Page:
G is for God of War

Unless you’ve been living under a rock since late April, you’ve likely heard at least some of the massive deluge of praise that God of War has received. Let me add my own belated contribution. It is a beautiful and moving character piece. It is a taught, violent action adventure. It is mature in the actual sense of the word, and not just the boobs-and-blood sense of the word. In short, it is a masterpiece.

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The story opens on an older and bearded Kratos chopping down a tree with a golden handprint on it. We shortly learn that these trees were specially marked by his late wife to be used for her funeral pyre. Their son Atreus helps to build and light the pyre as well. This event frames and foreshadows the interactions between Kratos and Atreus throughout the game. Kratos has been largely absent in Atreus’ life, hoping to insulate him from the knowledge of his father’s sordid and violent past. Needless to say, this doesn’t really work out.

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The story revolves around mature and complicated themes such as coming to grips with one’s past and what that means for who you are now; when or if it is appropriate to use violence; who determines who is deserving of death or punishment. The violence in the game is visceral, but the game also makes you consider the consequences of your actions. There are instances in the game when Kratos seems almost apologetic toward the enemies he’s defeated. The camera doesn’t cut away once the monster is downed. You see the follow up, you experience the regret along with Kratos. It’s an interesting and, in my opinion, very effective choice in cinematography and direction.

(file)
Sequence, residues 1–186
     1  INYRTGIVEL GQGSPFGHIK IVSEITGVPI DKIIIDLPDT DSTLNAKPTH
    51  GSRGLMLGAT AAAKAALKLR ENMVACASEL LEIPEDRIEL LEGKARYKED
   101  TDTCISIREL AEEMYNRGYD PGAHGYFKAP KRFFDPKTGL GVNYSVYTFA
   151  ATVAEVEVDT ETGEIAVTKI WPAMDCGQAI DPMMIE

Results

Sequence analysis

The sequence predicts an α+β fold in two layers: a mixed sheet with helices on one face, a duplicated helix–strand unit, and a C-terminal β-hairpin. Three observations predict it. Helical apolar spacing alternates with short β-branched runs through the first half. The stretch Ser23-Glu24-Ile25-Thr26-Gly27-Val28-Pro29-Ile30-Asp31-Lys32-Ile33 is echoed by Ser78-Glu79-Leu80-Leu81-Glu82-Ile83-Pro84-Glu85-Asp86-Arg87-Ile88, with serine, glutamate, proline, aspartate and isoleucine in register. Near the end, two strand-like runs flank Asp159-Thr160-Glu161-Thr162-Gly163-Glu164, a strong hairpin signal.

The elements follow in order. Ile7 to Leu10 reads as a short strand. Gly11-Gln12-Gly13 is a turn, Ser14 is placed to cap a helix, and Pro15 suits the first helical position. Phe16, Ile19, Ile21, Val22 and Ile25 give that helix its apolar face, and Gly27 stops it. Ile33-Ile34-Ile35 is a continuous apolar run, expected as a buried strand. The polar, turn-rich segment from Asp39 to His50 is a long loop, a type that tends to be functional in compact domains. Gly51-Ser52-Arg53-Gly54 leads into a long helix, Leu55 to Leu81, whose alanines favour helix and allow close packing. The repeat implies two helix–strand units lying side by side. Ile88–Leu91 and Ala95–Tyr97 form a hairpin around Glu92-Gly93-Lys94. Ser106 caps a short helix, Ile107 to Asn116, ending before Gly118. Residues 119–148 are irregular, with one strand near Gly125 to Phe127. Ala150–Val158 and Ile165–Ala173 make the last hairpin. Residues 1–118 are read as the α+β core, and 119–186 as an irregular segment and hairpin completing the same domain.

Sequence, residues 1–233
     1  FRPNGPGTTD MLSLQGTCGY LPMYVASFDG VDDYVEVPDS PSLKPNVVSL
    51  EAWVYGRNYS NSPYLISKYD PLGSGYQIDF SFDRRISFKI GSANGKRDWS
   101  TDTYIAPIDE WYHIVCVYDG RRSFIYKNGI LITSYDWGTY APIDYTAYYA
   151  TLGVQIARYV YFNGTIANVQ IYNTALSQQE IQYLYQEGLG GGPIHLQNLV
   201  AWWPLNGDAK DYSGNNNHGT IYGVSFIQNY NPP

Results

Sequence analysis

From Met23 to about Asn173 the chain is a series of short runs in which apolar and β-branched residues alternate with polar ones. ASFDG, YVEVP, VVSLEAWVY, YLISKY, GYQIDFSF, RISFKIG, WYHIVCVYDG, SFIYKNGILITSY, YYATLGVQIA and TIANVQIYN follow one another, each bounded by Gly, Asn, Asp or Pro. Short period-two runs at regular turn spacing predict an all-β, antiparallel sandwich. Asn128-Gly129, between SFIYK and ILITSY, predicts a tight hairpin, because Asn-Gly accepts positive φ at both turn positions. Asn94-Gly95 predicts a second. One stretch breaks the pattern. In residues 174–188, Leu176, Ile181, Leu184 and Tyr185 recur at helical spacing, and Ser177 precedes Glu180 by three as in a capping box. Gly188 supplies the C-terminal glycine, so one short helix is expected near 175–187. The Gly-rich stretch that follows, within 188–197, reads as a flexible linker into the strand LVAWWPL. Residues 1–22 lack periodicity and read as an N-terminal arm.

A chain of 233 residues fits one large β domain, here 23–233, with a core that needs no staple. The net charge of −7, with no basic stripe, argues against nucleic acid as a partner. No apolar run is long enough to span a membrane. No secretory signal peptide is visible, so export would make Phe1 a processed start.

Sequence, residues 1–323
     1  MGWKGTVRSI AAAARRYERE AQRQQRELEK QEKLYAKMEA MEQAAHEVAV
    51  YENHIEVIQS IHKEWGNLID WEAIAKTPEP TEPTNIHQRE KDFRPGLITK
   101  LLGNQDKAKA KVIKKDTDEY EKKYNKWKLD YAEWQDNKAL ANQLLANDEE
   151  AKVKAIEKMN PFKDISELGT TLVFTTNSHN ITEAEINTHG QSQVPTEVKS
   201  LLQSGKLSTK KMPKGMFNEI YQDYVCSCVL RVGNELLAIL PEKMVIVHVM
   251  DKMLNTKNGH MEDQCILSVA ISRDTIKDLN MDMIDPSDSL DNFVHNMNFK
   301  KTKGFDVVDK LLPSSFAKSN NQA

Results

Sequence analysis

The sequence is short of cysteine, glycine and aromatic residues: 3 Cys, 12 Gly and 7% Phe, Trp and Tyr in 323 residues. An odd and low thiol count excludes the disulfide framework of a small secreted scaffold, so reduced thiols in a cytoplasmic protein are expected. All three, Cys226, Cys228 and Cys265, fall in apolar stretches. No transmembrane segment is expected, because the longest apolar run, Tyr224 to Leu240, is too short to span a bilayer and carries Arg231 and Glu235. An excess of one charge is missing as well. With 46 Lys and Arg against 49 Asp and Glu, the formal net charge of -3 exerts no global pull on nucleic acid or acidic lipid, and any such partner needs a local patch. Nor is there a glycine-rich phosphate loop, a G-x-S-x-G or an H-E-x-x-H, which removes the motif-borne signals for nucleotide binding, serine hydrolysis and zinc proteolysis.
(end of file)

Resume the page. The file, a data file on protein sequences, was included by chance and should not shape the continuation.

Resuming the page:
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Another aspect I’d like to praise are the side quests. Each of the Favors, as they are called in the game, contributes to the story, deepening and advancing the relationship between Kratos and Atreus. Really, the whole game is about the growth of those two, together and separately. One piece of advice if you plan on playing the game (very light spoilers): do the favors for the dwarves as they become available. I waited until after the main story, and without getting too spoilery, some of the side quest dialogue felt incongruous after the full story plays out. (end spoilers)

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Some may ask if you need to have played previous games in the series to enjoy this one, and to that I’ll answer a definitive ‘no’. I had never played the earlier entries, and I was still able to feel the emotional beats that are predicated on the events prior to the start of this one. Enough context is given through Kratos’ expression and through dialogue with other characters to know that he has regret over what he has done and is trying to move on. There is probably more depth in a couple places if you’ve experienced the other games, but they are by no means necessary.

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God of War is the game that finally pushed me over the edge to buy a PS4, and it was worth it. Honestly, I’d probably buy the system just for this game. Well, maybe this and Horizon Zero Dawn, but between those two, they more than justify the purchase. Now I just have to wait impatiently for them to announce and release a sequel….

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